1) 2GB RAM - This is 2015. "Modern" web pages take up maybe 100-200MB each. Fresh install after removing bloatware boots up with around 800MB free RAM. That's 4 "big" tabs (or 8 medium ones) before you're out of RAM. Add Skype (~100MB), Mail (varies), etc. and it's swapping like crazy. Now this wouldn't be bad with a fast SSD and CPU, perhaps. But the tablet has Bitlocker-equivalent encryption enabled and a 80MB/s eMMC flash storage. Consequently, when this thing swaps, it is slow. I typically average 8-10 open tabs, so this was definitely cramping me.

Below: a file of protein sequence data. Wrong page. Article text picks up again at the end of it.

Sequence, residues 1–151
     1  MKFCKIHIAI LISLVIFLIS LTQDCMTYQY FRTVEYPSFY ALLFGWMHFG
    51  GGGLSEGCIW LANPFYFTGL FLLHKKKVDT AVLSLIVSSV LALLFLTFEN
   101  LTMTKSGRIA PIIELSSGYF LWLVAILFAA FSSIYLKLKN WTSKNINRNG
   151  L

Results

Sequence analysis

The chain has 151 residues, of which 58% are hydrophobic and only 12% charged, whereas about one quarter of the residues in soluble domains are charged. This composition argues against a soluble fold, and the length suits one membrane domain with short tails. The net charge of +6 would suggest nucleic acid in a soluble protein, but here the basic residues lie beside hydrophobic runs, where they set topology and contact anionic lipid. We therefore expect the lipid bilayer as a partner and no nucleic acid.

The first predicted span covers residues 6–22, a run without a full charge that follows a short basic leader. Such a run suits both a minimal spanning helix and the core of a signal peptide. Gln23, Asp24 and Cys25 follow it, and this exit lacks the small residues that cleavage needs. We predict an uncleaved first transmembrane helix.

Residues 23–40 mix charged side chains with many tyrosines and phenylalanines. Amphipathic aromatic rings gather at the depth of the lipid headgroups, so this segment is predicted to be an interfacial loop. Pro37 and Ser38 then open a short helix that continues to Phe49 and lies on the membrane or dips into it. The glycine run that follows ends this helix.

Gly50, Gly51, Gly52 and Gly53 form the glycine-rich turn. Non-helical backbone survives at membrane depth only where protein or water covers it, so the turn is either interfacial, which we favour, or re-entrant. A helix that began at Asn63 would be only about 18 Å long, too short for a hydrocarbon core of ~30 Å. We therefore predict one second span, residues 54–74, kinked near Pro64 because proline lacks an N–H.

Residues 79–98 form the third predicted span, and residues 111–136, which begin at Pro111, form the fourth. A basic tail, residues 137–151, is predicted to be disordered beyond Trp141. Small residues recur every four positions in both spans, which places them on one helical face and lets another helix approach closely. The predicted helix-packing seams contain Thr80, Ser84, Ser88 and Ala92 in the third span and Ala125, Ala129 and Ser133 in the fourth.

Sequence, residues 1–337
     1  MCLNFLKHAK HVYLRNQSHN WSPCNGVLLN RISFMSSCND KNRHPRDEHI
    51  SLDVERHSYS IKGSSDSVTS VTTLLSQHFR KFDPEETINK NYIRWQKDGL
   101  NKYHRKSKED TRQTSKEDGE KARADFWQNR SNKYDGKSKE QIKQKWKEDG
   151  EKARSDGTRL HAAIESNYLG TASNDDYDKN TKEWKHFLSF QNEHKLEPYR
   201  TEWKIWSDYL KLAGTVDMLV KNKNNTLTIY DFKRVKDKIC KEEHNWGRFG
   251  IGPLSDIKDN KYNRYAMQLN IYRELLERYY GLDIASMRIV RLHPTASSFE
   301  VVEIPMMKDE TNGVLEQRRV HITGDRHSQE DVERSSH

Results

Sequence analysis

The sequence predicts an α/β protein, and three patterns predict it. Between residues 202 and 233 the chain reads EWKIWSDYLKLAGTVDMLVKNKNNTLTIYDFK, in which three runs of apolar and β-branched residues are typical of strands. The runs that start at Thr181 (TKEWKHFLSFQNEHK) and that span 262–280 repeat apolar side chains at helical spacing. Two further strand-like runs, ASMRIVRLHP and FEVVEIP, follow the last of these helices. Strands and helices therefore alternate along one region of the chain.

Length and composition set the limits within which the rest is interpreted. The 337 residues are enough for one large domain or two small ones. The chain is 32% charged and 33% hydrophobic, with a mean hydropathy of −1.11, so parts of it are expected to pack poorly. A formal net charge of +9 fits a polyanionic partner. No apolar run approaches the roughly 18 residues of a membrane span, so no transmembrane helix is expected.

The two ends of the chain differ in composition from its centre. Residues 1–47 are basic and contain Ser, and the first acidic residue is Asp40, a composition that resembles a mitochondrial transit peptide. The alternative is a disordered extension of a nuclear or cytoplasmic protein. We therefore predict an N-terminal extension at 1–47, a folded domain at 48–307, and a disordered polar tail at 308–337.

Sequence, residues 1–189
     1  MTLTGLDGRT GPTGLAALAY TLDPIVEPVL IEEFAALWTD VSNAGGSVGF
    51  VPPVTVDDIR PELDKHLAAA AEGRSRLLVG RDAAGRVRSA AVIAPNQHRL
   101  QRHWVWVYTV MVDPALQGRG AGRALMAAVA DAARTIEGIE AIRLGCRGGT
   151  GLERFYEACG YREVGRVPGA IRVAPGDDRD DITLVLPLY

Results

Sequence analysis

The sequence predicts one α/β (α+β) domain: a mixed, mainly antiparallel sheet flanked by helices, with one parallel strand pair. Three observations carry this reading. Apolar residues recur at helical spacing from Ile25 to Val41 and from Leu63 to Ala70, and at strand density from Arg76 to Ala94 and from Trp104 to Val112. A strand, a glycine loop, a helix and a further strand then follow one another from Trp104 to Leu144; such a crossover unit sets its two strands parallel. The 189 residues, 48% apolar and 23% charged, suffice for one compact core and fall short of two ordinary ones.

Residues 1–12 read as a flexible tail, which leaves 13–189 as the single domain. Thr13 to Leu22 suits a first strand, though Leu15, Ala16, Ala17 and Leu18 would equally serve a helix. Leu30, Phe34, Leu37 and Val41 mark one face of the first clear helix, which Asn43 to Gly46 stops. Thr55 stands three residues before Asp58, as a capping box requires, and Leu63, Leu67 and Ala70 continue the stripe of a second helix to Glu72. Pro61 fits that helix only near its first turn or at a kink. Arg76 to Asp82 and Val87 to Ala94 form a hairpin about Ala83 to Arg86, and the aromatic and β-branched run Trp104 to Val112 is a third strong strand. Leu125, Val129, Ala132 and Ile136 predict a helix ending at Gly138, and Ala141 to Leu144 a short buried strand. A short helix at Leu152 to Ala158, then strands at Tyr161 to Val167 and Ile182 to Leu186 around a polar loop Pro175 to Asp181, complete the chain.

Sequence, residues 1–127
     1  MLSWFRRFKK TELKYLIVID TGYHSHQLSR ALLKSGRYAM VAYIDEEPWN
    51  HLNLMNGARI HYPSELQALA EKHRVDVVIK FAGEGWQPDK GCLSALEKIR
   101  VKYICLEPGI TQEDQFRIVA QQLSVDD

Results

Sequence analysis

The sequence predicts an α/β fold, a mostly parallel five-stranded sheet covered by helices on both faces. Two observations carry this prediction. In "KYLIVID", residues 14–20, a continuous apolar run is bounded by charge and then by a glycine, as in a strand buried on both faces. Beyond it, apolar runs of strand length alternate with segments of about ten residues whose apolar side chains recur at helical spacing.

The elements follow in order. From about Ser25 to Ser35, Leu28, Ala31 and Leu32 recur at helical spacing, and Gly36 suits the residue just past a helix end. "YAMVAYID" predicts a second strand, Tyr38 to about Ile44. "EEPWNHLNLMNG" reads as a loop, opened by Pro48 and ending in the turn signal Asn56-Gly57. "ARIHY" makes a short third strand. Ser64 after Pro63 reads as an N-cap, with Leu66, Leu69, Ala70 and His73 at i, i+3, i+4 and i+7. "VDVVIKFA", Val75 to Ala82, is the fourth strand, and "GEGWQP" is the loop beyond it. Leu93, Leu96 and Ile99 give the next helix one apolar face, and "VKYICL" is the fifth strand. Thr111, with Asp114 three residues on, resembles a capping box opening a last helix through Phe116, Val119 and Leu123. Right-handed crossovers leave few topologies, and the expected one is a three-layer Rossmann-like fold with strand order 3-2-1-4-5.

Can I learn to run with less tabs? Possibly, but that's just plain inconvenient. When price of RAM is as low as it is, and the web's JavaScript hungry big pages of 2015, they should have said no to 2GB RAM. I realize this is an Intel limitation with the Baytrail Atoms though, so that's enough here.

2) Z3775 CPU - Again, this is 2015. Core M is already out. I realize that's what the T300 Chi was about. But that shouldn't mean they have to screw the 10" market! The now-dated Z3775 isn't terrible by any means, but I would have gladly paid for the Core M upgrade that would have allowed 4GB RAM. Z3775 has problems keeping up with Firefox -- it can't be lag free. Even my iPad Air 2 handles rendering and scrolling faster than this (albeit page refreshes for switching tabs). Remoting is much slower, depending on the application. Core M processors perform just fine with both.